A restraint palette of closely related hues also allowed for color patterns and motifs that accrue meaning across a film to stand out more easily on screen. For example, June's costumes become more colorful as she falls in love with Jack. In the first half of the film, she appears in a nearly black Majolica Blue ensemble that includes a knit skirt and short-sleeved blouse. Later, she tries to impress Jack by adding a cape and a white lace collar to the dress. She finally discards the outfit when, as she leaves town for a city education, she wears a gray plaid dress, a gray cape and a straw hat decorated with a black and red-brown band, the most striking element in this attire. Following her brother's death, June returns home in a Stone Green hat, skirt and tailored coat, which she wears over a brown shirt, her attempt to emulate Jack's idea of sophistication. These costume changes introduce color variation without departing from the palette and are crucial to character development.
|Shots from Buddie's funeral sequence|
Undoubtedly, the major attraction of The Trail of the Lonesome Pine lay in the presentation of spectacular landscapes in so-called "natural color." Apparently, one Brooklyn exhibitor forced pine extract through the air conditioner and advertised the showing as "so realistic you'll smell the odor of the pine," illustrating just how important natural settings were for the marketing of the film. Greene emphazised the point by boasting that the production "is made up largely of exteriors, vast sweeps which thrill you with their beauty. Shot with a color process that gives you the ultimate in natural color reproductions, these exterior scenes will give the public what it long has been wanting — naturalness." Even so, restraint still prevails in most of the exterior footage.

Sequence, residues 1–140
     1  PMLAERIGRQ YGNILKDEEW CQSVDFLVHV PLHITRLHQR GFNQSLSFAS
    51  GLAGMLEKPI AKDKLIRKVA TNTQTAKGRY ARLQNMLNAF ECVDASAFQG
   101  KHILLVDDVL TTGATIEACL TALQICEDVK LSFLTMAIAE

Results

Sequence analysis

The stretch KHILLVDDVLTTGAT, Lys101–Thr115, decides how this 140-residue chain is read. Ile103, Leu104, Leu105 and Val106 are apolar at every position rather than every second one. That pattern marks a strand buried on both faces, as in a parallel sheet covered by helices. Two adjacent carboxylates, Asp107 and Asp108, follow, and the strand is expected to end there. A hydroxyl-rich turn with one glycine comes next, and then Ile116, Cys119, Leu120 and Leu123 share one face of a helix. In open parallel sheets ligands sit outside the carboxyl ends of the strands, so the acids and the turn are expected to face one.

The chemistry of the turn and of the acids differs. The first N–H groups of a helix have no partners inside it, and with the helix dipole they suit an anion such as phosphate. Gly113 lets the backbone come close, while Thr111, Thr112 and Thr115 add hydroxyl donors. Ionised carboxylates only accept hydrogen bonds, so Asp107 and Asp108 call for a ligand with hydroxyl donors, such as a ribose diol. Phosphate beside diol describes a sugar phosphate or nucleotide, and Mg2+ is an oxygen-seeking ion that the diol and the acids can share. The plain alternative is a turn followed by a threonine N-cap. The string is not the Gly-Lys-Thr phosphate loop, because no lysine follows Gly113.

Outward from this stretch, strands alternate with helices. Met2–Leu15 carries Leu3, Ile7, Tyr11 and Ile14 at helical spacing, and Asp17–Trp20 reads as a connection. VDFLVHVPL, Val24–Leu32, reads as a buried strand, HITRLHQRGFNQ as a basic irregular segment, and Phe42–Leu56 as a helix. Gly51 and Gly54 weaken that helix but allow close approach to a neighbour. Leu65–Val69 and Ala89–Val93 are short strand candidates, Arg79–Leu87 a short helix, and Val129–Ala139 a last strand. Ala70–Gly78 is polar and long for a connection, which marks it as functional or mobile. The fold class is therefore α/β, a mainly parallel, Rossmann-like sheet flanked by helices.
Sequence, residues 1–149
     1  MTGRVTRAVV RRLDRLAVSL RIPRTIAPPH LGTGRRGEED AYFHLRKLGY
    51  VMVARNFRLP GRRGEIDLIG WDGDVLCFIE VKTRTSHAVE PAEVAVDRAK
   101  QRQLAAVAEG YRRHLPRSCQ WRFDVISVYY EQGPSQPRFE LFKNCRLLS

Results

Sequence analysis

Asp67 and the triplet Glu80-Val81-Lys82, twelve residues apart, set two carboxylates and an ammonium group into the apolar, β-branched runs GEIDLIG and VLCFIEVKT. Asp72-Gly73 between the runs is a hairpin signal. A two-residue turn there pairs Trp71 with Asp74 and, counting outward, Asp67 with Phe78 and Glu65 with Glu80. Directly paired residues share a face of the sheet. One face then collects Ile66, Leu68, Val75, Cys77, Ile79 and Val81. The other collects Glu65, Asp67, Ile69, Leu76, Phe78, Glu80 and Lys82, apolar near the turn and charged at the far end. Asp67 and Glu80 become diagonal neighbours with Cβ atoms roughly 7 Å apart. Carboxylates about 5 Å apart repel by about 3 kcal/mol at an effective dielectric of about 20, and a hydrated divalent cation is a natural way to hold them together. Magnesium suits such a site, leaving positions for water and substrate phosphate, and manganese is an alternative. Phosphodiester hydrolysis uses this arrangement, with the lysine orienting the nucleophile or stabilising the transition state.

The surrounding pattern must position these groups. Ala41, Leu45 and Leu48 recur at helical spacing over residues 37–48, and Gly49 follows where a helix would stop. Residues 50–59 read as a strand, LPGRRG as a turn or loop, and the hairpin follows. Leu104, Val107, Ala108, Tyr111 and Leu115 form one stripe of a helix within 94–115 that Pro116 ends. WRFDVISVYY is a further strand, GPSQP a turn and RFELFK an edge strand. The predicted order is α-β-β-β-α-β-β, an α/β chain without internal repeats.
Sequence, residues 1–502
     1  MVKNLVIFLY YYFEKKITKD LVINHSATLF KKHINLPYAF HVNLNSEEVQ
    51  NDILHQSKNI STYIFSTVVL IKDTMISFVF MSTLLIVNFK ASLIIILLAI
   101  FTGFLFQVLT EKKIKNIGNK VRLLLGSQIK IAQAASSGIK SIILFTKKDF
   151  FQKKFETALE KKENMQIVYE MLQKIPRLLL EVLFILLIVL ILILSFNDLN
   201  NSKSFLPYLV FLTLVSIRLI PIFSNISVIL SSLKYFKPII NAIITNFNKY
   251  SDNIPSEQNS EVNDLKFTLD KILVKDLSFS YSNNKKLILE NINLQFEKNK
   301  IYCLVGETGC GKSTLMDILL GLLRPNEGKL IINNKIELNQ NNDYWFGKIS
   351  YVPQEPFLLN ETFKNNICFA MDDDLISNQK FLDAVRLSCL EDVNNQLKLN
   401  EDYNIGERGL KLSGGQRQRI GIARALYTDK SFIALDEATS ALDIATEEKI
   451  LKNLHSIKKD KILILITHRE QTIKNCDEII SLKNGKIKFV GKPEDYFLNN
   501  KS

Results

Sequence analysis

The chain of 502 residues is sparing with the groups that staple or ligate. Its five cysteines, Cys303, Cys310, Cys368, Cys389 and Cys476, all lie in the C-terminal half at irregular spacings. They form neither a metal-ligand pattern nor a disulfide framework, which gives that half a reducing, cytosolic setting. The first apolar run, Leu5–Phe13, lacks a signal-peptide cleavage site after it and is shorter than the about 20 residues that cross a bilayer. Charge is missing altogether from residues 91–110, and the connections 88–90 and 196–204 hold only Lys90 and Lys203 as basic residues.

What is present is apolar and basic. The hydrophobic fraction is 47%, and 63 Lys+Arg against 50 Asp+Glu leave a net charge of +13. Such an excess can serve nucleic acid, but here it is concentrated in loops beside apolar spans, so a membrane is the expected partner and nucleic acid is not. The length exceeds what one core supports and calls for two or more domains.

|The film's atmospheric scene|
|June and Jack's telephone love scene|
Adhering to a narrow coordinated color palette opened new possibilities for tying hue with story. Like lighting or music, color offered an additional register through which to establish motifs, set mood and highlight narrative and character development. Following The Trail of the Lonesome Pine, films like A Star is Born (1937), Nothing Sacred (1937) and The Goldwyn Follies (1938) continued to make of this method to correlate chromatic shifts with narrative structures. However, the antagonism between supporting the story unobtrusively while showcasing Technicolor as an "added attraction" contributed to the eventual decline of the restrained mode. By the end of the decade, it had been eclipsed by the "complex and assertive" displays of color of films like The Adventures of Robin Hood (1938), The Wizard of Oz (1939) and Gone with the Wind (1939). But even these films built on the methods for integrating and controlling color that had been formed within this extraordinarily important, though nearly forgotten, mode of design.
This post is my contribution to The Classic Movie History Project Blogathon hosted by Movies Silently, Silver Screenings and Once Upon a Screen. To view all entries to the blogathon, click the links below.
DAY 1 | DAY 2 | DAY 3 | DAY 4 | DAY 5 | DAY 6
Chromatic Cinema: A History of Screen Color by Richard Misek (2010) | Harnessing the Technicolor Rainbow: Color Design in the 1930s by Scott Higgins (2007) | Henry Hathaway: The Lives of a Hollywood Director by Harold N. Pomainville (2016) | Moving Color: Early Film, Mass Culture, Modernism by Joshua Yumibe (2012) | Moving Image Technology: From Zoetrope to Digital by Leo Enticknap (2005) | Technicolor Movies: The History of Dye Transfer Printing by Richard W. Haines (1993) | Timeline of Historical Film Colors